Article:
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Developments in technology have naturally led lawyers in recent times to question the traditional methods for the execution of documents. The Law Commission report entitled “Electronic execution of documents” (Law Com No 386, published 4 September 2019) confirmed the view that electronic signatures could be used to execute documents, even when there was a statutory requirement for a signature. Following this, the Land Registry confirmed that from 27 July 2020, it would accept witnessed electronic signatures.
None of these developments, however, changed any strict requirement for the signature (electronic or ink) to be witnessed by a person physically present with the signer. The Law Commission’s report concluded that remote witnessing was not permitted under the current law, but recommended that the Government consider using section 8 of the Electronic Communications Act 2000 to allow for video witnessing, after consideration of the practical and technical issues by the Industry Working Group. In the Government’s response to the report on 3 March 2020, the Lord Chancellor agreed to ask the Industry Working Group to consider the question of video witnessing of electronic signatures.
The Government’s response was published in the early days of the COVID-19 crisis. Following the start of the subsequent lockdown, the media began to report concerns that a number of Wills had been invalidly “witnessed” by online platform. It might also be suspected that an abnormal number of Wills were being executed, due to the increased risk to (in particular) older people. A potential legal minefield was emerging.
The new Order
The Wills Act 1837 (Electronic Communications) (Amendment) (Coronavirus) Order 2020 was made on 4 September 2020 and comes into force at the end of the month. It is made by the Lord Chancellor under sections 8 and 9 of the Electronic Communications Act 2000, which confer power to modify legislation for the purpose of authorising or facilitating the use of electronic communications and other related purposes.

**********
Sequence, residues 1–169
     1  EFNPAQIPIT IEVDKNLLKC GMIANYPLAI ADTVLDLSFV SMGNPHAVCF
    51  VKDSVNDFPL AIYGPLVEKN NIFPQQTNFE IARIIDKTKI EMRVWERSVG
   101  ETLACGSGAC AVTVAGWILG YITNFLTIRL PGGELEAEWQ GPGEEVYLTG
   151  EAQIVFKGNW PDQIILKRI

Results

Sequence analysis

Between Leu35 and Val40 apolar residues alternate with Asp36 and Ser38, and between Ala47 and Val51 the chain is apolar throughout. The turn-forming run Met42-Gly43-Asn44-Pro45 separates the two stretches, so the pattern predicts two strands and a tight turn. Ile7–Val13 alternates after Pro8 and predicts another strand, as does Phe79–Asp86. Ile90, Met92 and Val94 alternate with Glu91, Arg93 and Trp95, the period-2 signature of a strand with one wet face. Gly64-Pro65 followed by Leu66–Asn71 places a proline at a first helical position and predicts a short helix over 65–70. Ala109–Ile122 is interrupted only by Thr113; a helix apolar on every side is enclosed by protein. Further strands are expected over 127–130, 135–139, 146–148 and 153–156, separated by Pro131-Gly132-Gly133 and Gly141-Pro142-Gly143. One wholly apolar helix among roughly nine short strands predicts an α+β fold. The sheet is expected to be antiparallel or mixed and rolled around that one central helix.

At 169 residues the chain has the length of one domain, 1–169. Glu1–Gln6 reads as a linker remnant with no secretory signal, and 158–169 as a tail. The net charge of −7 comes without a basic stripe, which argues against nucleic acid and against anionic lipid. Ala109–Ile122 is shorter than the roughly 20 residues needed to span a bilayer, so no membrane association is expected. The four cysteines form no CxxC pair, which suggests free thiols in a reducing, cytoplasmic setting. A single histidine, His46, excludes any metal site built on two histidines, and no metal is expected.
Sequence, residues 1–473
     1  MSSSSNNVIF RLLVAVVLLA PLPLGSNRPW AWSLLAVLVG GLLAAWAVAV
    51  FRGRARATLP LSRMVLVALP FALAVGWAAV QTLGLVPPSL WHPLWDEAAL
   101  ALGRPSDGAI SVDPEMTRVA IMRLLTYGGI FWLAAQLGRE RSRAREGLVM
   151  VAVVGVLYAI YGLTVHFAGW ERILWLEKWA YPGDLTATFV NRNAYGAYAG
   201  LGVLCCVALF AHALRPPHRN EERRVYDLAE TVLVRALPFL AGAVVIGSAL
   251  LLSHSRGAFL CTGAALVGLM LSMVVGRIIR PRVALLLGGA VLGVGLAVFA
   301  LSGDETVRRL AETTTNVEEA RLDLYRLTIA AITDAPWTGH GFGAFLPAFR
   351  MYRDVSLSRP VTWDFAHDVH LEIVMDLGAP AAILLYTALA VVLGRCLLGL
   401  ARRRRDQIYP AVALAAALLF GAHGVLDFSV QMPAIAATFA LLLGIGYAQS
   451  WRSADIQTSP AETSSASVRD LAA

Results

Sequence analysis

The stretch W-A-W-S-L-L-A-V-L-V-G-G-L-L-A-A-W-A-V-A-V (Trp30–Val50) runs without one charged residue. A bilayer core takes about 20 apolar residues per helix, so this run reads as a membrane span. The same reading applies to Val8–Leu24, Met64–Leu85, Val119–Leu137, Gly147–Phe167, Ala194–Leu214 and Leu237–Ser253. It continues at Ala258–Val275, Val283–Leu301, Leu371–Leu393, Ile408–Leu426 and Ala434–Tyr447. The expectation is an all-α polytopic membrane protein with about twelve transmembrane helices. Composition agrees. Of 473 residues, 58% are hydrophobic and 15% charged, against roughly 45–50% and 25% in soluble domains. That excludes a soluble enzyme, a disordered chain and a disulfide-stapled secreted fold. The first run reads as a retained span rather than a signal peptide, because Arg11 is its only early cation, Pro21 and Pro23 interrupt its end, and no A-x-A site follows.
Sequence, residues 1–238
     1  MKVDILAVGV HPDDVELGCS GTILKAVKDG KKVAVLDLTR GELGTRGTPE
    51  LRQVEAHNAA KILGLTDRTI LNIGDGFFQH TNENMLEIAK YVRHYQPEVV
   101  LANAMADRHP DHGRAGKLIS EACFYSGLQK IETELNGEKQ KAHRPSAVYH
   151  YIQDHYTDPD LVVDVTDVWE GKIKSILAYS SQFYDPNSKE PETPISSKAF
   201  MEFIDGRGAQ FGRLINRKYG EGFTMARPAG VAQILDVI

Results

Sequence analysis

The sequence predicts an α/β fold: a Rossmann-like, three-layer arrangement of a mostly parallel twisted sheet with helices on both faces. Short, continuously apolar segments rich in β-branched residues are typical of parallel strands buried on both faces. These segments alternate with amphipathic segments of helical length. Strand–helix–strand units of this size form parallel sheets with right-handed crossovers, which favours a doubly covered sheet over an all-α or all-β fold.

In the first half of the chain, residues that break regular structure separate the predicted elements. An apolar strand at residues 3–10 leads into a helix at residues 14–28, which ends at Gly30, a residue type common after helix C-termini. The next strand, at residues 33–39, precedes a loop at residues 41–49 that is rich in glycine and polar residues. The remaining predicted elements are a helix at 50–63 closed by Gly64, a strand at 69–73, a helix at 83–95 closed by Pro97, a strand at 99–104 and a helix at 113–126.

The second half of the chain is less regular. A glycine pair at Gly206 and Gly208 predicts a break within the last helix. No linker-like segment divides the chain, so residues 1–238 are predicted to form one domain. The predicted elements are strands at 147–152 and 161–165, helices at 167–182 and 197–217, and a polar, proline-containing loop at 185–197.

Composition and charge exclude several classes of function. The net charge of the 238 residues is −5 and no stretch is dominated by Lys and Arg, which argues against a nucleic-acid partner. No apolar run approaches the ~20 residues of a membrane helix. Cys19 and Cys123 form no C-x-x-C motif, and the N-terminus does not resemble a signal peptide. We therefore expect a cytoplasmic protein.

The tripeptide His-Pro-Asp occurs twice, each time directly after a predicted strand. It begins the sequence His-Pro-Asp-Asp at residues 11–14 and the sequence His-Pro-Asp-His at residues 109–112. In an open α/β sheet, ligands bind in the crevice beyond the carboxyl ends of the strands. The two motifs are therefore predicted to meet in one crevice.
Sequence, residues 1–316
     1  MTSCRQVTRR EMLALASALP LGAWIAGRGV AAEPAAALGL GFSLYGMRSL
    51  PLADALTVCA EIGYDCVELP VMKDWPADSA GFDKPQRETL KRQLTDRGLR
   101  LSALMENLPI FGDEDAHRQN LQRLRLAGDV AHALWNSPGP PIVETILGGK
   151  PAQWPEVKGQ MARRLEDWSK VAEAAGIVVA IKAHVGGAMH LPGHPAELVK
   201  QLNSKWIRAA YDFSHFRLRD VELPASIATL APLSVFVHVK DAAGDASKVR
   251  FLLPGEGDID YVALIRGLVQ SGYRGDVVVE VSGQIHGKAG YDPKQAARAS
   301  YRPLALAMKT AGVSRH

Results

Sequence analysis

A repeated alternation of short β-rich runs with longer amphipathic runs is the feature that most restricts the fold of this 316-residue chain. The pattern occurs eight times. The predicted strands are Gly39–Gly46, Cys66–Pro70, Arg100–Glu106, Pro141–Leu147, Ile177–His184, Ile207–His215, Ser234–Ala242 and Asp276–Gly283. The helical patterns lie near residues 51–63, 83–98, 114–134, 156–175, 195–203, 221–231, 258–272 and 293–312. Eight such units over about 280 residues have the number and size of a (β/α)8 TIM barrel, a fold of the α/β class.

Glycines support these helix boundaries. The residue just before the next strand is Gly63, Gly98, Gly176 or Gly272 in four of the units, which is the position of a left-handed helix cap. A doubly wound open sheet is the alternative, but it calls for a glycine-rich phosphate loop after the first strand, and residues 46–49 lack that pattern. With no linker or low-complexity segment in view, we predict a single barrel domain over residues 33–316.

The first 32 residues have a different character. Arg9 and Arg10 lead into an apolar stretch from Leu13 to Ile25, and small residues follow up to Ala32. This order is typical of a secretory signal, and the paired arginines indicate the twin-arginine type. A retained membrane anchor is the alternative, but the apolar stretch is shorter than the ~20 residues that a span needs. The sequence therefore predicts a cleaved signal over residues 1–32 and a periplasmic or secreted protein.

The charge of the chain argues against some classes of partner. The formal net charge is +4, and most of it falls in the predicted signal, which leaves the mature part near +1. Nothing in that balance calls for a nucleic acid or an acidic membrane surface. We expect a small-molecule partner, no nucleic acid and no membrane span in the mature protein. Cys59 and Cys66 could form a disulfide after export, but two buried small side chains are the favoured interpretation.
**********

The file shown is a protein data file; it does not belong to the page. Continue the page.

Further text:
Article 2 amends the Wills Act 1837, section 9, which sets out the formal requirements for the signing and attestation of Wills. Section 9(c) and (d) sets out the requirements for the testator’s signature to be witnessed by persons who are “in the presence” of the testator and of one another. Article 2 inserts a new subsection (2) into section 9 in the following terms:-
“For the purposes of paragraphs (c) and (d) of subsection (1) [being the existing text of the section], in relation to wills made on or after 31 January 2020 and on or before 31 January 2022, “presence” includes presence by means of videoconference or other visual transmission”.
There is then a saving provision in Article 3, which provides that nothing in the Order affects any grant of probate made or anything done pursuant to a grant of probate prior to the Order coming into force.
The new rules appear to be wide enough to cover the whole COVID-19 period to date and into the future. One suspects that the temporal scope is a trial period. It will be interesting to see whether the new rules become a permanent fixture and whether they are extended to deeds. It will also be interesting to see how electronic witnessing is implemented in practice and whether some of the concerns about electronic witnessing (such as fraud and confidentiality) will in fact give rise to problems.
The retrospective nature of the change does give rise to legal questions. In principle, it might have the effect of diverting property away from one beneficiary to another. As the change has been made only by statutory instrument, which can be challenged by reference to e.g. the European Convention on Human Rights, a desire for complete certainty may not have been achieved. Nor is the meaning of the saving provision beyond doubt. If probate has been granted this year of a Will in common form, on the assumption that a later Will is invalid for remote witnessing, and the estate has yet to be distributed, can the beneficiary of the later Will seek to have the grant revoked in favour of a grant in solemn form?
Whatever the difficulties, it is suspected that the new rules will be generally welcomed and that they will be at the vanguard of future changes so that legal practice can catch up with modern technology and the needs of clients.